Taxonomy and naming[edit]

The longfin trevally is classified within the genus Carangoides, a group of fish commonly called jacks and trevallies. Carangoides falls into the jack and horse mackerel family Carangidae, the Carangidae are part of the order Carangiformes.[2]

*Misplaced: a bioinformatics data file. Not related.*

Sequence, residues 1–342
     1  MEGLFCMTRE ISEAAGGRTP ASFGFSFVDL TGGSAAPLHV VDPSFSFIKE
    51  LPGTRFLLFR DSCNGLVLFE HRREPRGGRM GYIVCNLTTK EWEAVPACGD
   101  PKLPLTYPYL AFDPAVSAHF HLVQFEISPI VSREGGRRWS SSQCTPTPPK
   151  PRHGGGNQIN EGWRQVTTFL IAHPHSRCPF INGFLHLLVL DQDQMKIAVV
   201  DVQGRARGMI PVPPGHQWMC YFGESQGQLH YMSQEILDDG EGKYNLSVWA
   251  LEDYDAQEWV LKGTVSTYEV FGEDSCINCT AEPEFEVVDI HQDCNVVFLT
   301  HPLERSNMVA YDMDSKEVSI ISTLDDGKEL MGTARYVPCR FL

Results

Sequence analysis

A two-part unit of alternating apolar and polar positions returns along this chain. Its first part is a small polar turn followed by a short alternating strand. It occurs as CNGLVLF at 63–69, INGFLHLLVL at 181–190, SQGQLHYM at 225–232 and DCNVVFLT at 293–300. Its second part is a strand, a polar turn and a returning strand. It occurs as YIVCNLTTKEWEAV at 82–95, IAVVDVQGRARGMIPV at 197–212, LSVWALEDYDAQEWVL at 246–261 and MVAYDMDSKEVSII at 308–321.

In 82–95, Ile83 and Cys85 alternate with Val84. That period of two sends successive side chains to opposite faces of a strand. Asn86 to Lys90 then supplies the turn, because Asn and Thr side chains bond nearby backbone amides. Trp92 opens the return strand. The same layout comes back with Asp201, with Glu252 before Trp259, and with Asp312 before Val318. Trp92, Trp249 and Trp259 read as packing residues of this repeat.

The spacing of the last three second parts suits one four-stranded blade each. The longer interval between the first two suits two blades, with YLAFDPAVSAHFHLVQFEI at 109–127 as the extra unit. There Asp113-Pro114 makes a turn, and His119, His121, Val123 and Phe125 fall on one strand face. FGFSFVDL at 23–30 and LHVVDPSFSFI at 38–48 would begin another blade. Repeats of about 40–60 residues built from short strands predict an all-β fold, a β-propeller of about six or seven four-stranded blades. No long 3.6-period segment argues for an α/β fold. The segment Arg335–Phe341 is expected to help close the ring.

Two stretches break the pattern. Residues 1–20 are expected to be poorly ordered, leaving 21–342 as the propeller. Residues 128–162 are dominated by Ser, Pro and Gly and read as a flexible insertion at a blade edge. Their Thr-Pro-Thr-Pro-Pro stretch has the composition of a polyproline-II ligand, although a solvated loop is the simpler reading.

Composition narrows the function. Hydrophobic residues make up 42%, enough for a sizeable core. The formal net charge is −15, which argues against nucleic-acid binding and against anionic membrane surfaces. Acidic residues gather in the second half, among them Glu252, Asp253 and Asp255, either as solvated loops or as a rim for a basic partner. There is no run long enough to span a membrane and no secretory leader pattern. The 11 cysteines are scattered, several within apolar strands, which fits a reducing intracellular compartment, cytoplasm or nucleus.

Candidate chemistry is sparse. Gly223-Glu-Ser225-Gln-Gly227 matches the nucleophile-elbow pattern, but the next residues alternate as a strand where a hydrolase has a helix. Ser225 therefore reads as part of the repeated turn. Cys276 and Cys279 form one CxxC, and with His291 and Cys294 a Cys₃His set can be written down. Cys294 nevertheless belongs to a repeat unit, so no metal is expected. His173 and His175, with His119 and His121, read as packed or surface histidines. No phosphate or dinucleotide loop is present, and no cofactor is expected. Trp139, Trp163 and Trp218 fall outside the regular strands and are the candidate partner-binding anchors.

The species was first scientifically described by the German naturalist Eduard Rüppell in 1830, based on a specimen taken from the Red Sea, which was designated to be the holotype.[3] Rüppell named the species Citula armata, placing his new species in what was at the time a valid jack genus created by Georges Cuvier in 1816. Citula was later synonymised with Pseudocaranx, and all its members were re-examined and placed in a number of different jack genera. C. armata became Caranx armatus, also masculinising the species name. Finally, the species was placed in Carangoides after re-examinations of its anatomy by a number of authors as part of a larger investigation into the taxonomy of the carangid fishes.[4] The species was subsequently described independently under three different names, with Cuvier applying Caranx ciliaris to the species, Masamitsu Ōshima applying Citula pescadorensis and Yojiro Wakiya Caranx schlegeli.[5] These are all considered to be invalid junior synonyms under ICZN rules.